The Associate Resort Professional (ARP) and Registered Resort Professional (RRP) are the ultimate designations for the vacation ownership industry. These titles by your name enhance your professional credibility and demonstrate your commitment to the industry through continued education. The timeshare industry is rapidly growing and evolving, and it pays to keep on top of all the changes. ARDA's International Foundation makes it easy for you to do just that.

ARDA’s International Foundation’s Learning Center

To get started on obtaining the ARP or the RRP, click here. AIF offers the entire program online from start (submit your application) to finish (print out your certificate upon successful completion of the course work). You do your course work, take tests, and earn and track your designation credits all online.


  1. Both ARP and RRP designations require the passing of the AIF Qualification Test and it's probably a good place to start the process. The test accesses and measures your knowledge of the timeshare industry. Before taking the test, you’ll want to study The Timeshare Industry Resource manual. It’s the definitive source for all the key topics relating to timeshare. Whether you are an industry veteran or new to the business, this manual is your "go to" source for all that's timeshare.
  1. Applicants for the ARP and the RRP designations are also required to be an ARDA Advantage, Trustee, or Chairman’s League member in good standing. ARP’s are expected to have a minimum of 2 years of industry experience and 6 credits. RRP’s need at least 5 years of experience and 10 credits.

The Time to Act is Now!

If you've been thinking about raising your profile in the timeshare industry, now is the time.  September 15th is the next deadline to get started on the designations. Don’t you think you owe it to yourself and the industry?

News of Strong Growth in the Timeshare Industry - Time to stop Being Defensive and Promote the Positive

In the past, the timeshare industry has received its share of negative reports. But these days, it’s hard to find a negative story about timeshares. With all the new information showing that timeshare is strong and getting stronger, it’s time stop to being on the defensive and start promoting the positive. The organization that is the strongest advocate for the industry, The American Resort Development Association (ARDA), calls its communication committee, the Reputation Management Committee. Why call communications reputation management unless you have issues that need managing? With this month’s latest report from ARDA showing the timeshare industry’s impressive growth and positive impact on the U.S. economy, managing issues is definitely not the issue it used to be.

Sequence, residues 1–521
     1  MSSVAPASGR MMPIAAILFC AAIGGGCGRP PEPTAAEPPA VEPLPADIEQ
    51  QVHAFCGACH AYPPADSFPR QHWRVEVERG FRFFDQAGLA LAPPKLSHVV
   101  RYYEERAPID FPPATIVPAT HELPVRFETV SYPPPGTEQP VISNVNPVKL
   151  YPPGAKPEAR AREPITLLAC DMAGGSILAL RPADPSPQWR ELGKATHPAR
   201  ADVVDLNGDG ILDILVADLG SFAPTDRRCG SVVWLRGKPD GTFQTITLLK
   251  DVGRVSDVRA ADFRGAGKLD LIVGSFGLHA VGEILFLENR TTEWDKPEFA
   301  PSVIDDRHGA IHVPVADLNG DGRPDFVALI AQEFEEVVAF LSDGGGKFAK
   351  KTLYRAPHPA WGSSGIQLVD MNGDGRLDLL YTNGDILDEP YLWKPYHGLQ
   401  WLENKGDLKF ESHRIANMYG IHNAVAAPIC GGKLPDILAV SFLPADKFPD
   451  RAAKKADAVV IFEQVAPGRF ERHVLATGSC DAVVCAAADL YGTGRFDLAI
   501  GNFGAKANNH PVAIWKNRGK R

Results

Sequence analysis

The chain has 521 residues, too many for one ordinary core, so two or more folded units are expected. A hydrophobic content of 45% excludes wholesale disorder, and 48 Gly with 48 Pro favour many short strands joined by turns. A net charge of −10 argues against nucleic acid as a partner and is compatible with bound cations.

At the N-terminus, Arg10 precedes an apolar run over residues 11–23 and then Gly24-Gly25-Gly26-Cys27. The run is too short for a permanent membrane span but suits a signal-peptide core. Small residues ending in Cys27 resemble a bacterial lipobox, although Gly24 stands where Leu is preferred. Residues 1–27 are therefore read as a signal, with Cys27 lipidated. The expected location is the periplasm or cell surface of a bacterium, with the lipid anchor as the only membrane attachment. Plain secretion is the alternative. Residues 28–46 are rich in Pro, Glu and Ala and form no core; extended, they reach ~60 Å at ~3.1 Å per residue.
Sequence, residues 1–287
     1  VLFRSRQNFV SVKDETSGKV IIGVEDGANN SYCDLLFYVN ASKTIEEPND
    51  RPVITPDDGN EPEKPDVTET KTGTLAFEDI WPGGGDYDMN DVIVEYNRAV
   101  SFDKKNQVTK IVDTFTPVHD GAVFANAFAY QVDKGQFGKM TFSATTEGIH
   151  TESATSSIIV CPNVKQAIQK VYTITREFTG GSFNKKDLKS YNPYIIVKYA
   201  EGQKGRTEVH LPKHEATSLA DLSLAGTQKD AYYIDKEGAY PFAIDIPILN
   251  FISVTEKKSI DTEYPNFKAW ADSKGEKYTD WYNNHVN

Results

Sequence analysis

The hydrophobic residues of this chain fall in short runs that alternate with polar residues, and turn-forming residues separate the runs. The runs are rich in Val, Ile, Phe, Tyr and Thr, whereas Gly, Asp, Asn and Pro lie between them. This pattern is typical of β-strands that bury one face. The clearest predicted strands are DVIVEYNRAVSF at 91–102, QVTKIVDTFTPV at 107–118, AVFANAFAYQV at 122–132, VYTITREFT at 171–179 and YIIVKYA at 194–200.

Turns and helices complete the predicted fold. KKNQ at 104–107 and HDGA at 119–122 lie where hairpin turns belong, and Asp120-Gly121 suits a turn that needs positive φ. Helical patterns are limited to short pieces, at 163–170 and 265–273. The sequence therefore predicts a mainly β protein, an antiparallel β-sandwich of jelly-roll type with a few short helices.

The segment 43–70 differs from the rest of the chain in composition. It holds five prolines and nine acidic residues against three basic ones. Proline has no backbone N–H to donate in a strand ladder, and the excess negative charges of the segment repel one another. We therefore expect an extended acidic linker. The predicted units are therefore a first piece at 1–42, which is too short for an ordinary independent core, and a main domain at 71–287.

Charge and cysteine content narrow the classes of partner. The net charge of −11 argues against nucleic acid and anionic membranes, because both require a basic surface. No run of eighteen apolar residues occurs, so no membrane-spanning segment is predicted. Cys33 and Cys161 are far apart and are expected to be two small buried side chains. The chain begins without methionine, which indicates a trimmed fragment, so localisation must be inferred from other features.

Much Good News to Share

The timeshare industry made a $68.7 billion contribution to the U.S. economy in 2013.  That’s based on ARDA’s report compiled by Ernst & Young—the Economic Impact of the Timeshare Industry on the US Economy 2014 edition.  Other impressive statistics in the report show timeshare providing 437,000 full and part-time jobs, $23.6 billion in salaries and wages, and $8.5 billion in tax revenue. That’s big news to share with the world.  

Entire Communities Benefit from Timeshare Owner and Guest Stays

ARDA’s report also shows that in 2013, out of a total $10 billion spent by timeshare owners and guests during their resort stays, $7.9 billion was spent off-site in the communities where the timeshare resorts were located. More good news to share with the communities who provide services to the resorts.

Interval International’s Second Quarter Growth Supports ARDA Report

Interval International’s recent second quarter performance results support ARDA’s report of strong industry growth. The company, a global provider of membership and leisure services to the vacation industry, announced record second quarter consolidated revenue—an increase of 14.8%.  Other performance highlights of the second quarter include: a 128.4% increase in management and rental segment revenue (excluding pass-throughs) and the affiliation of 24 resorts. It’s all very good news for members that rely on Interval International’s exchange program to access world-class resorts, and for developers who depend on the company for access to valuable resources needed during the development process.  

Keep the Momentum Going

All indicators show that the vitality of the timeshare industry is headed in the right direction. Let’s keep the momentum going and spread the good word about our industry. We still have to keep aware of the scammers that show up in any industry to give it a bad name, but we don’t need to concentrate on the negative when there is so much that is positive about timeshare.